Bleeding Comb

Discussion in 'Chicken Behaviors and Egglaying' started by branagh, Jan 10, 2008.

  1. branagh

    branagh In the Brooder

    Dec 2, 2007
    Nova Scotia
    One of my girls has been the target of pecking from the other 9 ever since they started laying eggs on Christmas Eve. There were no problems with any of them until the first eggs started arriving.

    This morning I went out to the chicken shed and one of them was bleeding from the back of the comb. She has marks on her comb and has what looks like bruising around her head and eyes.

    This afternoon I separated her from the rest of the flock, keeping her in the front of the shed. Although only a few feet from the rest, she was not happy with my decision.

    Question: Am I right to separate her for now? Do the "eye goggles' work?

    Any advice would be greatly appreciated. I'm new at this. :cool:


  2. ella

    ella Songster

    Hi Robert, welcome to BYC!

    That's a pretty common problem you're dealing with, it can be really distressing to see pullets going after each other and they can cause serious damage in some situations. It's all about the hormones right now.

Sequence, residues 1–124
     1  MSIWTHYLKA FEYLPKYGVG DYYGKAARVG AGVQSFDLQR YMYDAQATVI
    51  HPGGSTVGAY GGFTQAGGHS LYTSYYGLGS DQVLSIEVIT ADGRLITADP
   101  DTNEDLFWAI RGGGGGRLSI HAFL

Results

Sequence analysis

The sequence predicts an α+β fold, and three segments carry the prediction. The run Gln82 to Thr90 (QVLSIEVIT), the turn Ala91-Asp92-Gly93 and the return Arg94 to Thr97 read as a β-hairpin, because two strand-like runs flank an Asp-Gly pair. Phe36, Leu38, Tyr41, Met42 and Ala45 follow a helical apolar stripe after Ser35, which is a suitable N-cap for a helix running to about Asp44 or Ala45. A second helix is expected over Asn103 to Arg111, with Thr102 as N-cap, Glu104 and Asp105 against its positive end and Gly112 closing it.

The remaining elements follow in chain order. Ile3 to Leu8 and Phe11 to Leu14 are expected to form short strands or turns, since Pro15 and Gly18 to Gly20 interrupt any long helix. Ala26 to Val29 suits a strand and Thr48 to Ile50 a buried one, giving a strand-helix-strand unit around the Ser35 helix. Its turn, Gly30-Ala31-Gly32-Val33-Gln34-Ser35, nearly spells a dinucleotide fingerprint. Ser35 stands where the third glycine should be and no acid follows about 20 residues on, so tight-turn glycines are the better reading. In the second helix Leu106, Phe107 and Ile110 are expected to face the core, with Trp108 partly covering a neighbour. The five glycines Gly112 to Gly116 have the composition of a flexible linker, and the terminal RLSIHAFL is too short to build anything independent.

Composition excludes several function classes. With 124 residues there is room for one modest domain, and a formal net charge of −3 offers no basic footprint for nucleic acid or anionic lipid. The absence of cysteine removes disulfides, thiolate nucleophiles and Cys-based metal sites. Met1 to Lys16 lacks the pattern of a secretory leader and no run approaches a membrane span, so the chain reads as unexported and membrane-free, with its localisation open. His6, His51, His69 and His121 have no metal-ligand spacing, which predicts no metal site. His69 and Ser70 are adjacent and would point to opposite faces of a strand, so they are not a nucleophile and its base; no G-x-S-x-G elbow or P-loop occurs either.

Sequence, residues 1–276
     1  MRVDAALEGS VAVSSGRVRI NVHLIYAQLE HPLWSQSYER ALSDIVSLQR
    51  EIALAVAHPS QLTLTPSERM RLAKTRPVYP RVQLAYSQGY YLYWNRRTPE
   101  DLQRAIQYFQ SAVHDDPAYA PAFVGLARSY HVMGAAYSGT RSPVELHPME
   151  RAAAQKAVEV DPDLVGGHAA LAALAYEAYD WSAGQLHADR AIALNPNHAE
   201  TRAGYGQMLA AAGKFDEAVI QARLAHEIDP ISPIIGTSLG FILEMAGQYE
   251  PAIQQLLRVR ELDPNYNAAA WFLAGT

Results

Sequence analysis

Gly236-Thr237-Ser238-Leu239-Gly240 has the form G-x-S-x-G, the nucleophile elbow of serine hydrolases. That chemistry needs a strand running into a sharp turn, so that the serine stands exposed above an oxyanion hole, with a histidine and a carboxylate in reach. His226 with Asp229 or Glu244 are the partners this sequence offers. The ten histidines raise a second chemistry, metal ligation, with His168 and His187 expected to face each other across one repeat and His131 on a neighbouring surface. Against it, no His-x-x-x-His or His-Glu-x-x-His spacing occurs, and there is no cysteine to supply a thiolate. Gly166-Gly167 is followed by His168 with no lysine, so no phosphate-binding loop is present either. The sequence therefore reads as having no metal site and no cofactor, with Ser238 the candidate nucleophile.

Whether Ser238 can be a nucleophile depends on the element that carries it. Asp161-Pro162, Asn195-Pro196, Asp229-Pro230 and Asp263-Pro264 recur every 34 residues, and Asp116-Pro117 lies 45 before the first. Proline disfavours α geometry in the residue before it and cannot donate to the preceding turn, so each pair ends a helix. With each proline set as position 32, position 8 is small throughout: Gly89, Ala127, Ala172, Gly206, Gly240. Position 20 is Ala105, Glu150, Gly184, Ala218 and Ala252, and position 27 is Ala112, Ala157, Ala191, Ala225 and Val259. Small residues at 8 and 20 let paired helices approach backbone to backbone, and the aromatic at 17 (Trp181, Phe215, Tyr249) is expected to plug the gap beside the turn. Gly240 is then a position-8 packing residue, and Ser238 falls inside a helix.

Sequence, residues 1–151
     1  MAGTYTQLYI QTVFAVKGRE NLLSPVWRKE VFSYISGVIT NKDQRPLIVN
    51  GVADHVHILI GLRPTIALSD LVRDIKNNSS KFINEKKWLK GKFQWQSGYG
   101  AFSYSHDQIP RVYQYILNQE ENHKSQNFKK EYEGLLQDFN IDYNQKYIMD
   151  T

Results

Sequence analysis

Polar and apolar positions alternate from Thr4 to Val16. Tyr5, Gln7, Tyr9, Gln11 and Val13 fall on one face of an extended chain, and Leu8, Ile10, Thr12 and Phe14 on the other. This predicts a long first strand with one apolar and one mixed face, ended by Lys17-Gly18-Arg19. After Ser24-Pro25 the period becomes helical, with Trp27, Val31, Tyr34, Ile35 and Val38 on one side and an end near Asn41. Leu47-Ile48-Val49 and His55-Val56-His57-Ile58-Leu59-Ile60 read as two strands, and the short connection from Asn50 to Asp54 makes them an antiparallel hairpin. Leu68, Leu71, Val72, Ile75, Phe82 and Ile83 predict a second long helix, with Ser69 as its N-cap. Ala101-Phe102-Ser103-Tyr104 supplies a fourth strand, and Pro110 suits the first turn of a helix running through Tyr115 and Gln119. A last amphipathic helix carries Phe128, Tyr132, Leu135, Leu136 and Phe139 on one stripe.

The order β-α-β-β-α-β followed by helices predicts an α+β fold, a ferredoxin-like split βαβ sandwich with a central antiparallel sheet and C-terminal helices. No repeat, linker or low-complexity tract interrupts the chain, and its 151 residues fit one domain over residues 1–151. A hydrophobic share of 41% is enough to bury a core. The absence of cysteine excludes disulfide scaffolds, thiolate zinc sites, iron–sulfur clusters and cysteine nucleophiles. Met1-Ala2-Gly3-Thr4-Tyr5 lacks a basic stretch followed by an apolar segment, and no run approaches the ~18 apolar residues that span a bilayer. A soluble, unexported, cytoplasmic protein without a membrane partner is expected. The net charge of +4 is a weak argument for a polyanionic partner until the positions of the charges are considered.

You'll get different opinions on if you should leave her in and let them work it out or seperate her. But only you can know what's really going on.

    The problem with keeping her seperate besides the distress it causes her is when you put her back in she'll be straight back at the bottom of the pecking order and it can be worse than before.

    On the other hand in extreme cases young hens can be killed or seriously injured by the flock.

    If your flock has enough space that this hen won't get cornered, it should be ok to leave her in with them. Things will settle down eventually.

    Having more than one feeder and waterer will help as will having someplace she can go to be safe. I have platform roosts where the lower ranking hens hang out and stay out of the way of the bullies.

    If you do decide to seperate her take another mellower hen with so she has a buddy, it'll make re-introductions easier too.

    Good luck! [​IMG]
  3. pattycake

    pattycake Songster

    May 7, 2007
    fingerlakes, ny
    I've had some problems with bleeding combs this winter. One of the problems was frostbite -- my rooster and one of the hens was bleeding on the very tips of the comb the morning after a very cold night. I got a heat lamp for the frostiest nights and that seems to have solved it.

    I've also had some definite bite marks with bleeding on combs, but never on the same hen twice so I think it's random aggression, and not a bullying thing.

    Before I isolated anyone, I'd make sure they didn't have any other problems: I'd make sure they had plenty of protein, no mites, clean bedding, etc. I know my chickens get cranky when something's bugging them.

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